Why Office 2.0 Matters

"Join us on March 23, 2007 for Under the Radar: "Why Office 2.0 Matters". We will showcase 32 emerging, disruptive technologies that are changing the office landscape in sectors such as organization, collaboration, tracking, publishing, communicating, personalizing, and syncing. From the industry experts and pundits to the company presentations and audience feedback, you will learn about the future of office 2.0 – its challenges and opportunities, from SMB and enterprise adoption to the monetization of services”

We are excited to be part of this event, hope you can make it. We are going to demo a slew of new features, including a fully revamped Builder application that will blow you away, and highlight several partnerships we are undertaking with other companies at the event in the quest to bring affordable and extendable web services to the mass market.

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VentureBeat Relaunches Job Board

“VentureBeat is relaunching their job board in combination with Read/WriteWeb and the Alarm:Clock (two leading Web 2.0 blogs)”

This seems like a very good idea indeed. I like the idea of embedding job boards into blogs, but if the job boards are all point solutions then there is a basic management problem in syncing across multiple job boards.

BTW, in the event you didn’t notice, I put up a job board in my sidebar using Jobcoin. Super easy to setup and free.

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You Eye, a Blog For Designers

I have a guy that works for Teqlo who does all of our design work, from our website to the application to the component UIs that we build. He’s really a talented designer, so I was excited to see that he had entered the blogosphere (quietly, I would add, I only found out when it showed up on my Teqlo technorati feed).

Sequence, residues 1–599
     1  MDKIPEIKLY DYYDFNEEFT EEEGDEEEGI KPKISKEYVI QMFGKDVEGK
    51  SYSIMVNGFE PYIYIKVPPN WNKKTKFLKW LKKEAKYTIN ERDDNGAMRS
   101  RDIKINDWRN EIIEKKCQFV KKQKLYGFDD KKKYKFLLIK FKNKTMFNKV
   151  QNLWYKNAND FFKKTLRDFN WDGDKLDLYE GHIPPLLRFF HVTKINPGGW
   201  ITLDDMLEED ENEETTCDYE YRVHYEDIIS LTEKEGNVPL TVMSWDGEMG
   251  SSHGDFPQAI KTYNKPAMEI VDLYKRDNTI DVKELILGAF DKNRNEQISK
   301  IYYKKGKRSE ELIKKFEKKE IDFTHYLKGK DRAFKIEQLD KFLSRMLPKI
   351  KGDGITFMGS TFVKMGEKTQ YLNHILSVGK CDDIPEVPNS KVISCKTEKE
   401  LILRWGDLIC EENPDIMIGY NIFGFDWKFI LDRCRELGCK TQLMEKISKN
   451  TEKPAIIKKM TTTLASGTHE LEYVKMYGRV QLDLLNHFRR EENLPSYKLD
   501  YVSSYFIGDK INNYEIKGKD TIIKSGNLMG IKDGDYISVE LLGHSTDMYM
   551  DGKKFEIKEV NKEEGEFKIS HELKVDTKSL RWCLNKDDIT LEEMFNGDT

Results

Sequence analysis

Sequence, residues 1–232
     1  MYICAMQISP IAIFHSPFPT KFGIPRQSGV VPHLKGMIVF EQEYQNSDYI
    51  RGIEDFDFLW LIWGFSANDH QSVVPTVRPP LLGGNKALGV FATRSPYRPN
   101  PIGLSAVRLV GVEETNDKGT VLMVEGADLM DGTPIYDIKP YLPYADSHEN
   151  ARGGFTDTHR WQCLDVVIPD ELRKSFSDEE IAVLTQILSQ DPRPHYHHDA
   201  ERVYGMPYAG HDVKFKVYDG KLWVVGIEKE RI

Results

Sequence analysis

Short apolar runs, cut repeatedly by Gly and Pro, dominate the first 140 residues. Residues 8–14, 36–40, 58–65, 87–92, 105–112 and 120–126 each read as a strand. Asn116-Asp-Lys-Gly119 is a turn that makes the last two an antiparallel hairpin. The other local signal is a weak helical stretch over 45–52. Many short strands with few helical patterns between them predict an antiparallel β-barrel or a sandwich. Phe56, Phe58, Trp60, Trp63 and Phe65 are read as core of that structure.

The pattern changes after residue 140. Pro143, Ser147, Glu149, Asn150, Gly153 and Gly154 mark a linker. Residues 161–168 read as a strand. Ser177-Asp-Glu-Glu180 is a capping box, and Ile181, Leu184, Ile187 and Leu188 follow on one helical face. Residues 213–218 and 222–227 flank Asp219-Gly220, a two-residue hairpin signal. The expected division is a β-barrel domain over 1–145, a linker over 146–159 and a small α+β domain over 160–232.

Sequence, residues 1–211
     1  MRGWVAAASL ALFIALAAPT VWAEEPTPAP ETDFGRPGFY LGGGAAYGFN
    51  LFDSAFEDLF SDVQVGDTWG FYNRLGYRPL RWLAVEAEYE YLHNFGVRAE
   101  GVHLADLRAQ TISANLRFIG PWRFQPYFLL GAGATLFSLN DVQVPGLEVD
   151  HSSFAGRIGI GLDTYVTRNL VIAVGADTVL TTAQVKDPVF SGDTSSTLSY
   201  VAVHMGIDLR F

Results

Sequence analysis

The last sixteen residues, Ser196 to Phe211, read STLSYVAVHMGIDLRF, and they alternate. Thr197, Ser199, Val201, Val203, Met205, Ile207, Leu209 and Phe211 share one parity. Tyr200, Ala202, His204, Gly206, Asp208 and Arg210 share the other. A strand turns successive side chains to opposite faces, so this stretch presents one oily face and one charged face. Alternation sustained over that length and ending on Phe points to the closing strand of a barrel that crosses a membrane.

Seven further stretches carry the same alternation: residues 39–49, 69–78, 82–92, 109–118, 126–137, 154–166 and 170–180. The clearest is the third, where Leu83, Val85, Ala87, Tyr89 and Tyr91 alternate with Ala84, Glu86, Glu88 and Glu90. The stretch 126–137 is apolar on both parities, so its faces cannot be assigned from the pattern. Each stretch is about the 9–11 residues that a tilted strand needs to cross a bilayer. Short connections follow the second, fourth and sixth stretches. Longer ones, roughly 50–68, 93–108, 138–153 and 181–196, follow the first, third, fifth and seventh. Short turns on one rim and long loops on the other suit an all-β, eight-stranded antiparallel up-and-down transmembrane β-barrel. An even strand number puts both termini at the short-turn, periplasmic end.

His blog is called You Eye, now be kind and show him some link love.

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Ebay Pilots Feedback 2.0

Back in August I wrote a few posts about reputation and problems people had getting Ebay to remove bogus ratings. My view on this topic is threefold:

  1. A reputation systems is vital for community building, and in Ebay’s case it is clearly the metadata that gives buyers/sellers a sense of ownership that translates into repeat usage. The rating system is proprietary, which in this case simply means that it is not portable to another system, and that is clearly a strategic asset for Ebay.
  2. Performance ratings in a transaction system need to be detailed. The "A++++++" seller/buyer rating model that Ebay feedback 1.0 featured was, simply put, gamed to the edge of irrelevance. The raw number mattered because it ensured access to the market, but the fear of retaliatory feedback meant that it was pretty rare to get a negative feedback. Experienced buyers and sellers knew this and handicapped appropriately, but new Ebay users were abandoned by this system and it became something other than it was intended to be.
  3. Reputation systems have to have arbitration processes that are effective and timely, a point that spurred the post I wrote.

Ebay was clearly taking this issue seriously last August and we can now see the fruits of that effort. Ebay Feedback 2.0 (link via DailyTech) is out and it addresses many of the concerns that Ebay’ers have with the experience that Ebay is providing.

While there is feedback withdrawal there still isn’t an effective arbitration process for dealing with comments that are retaliatory in nature and that needs to be addressed.

Finally, Ebay needs to set their feedback system FREE so that it can become one element in identity systems to establish trust. Imagine how much more effective identity systems would be if they could encapsulate reputation, as in "my name is Jeff Nolan, I work for Teqlo, my Ebay rating is x, I belong to these communities where I am level ‘I’ve climbed a cell tower’ on HowardForums, I am a Second Lifer" and have that data attached to my OpenID URI which can then expose it to relevant systems.

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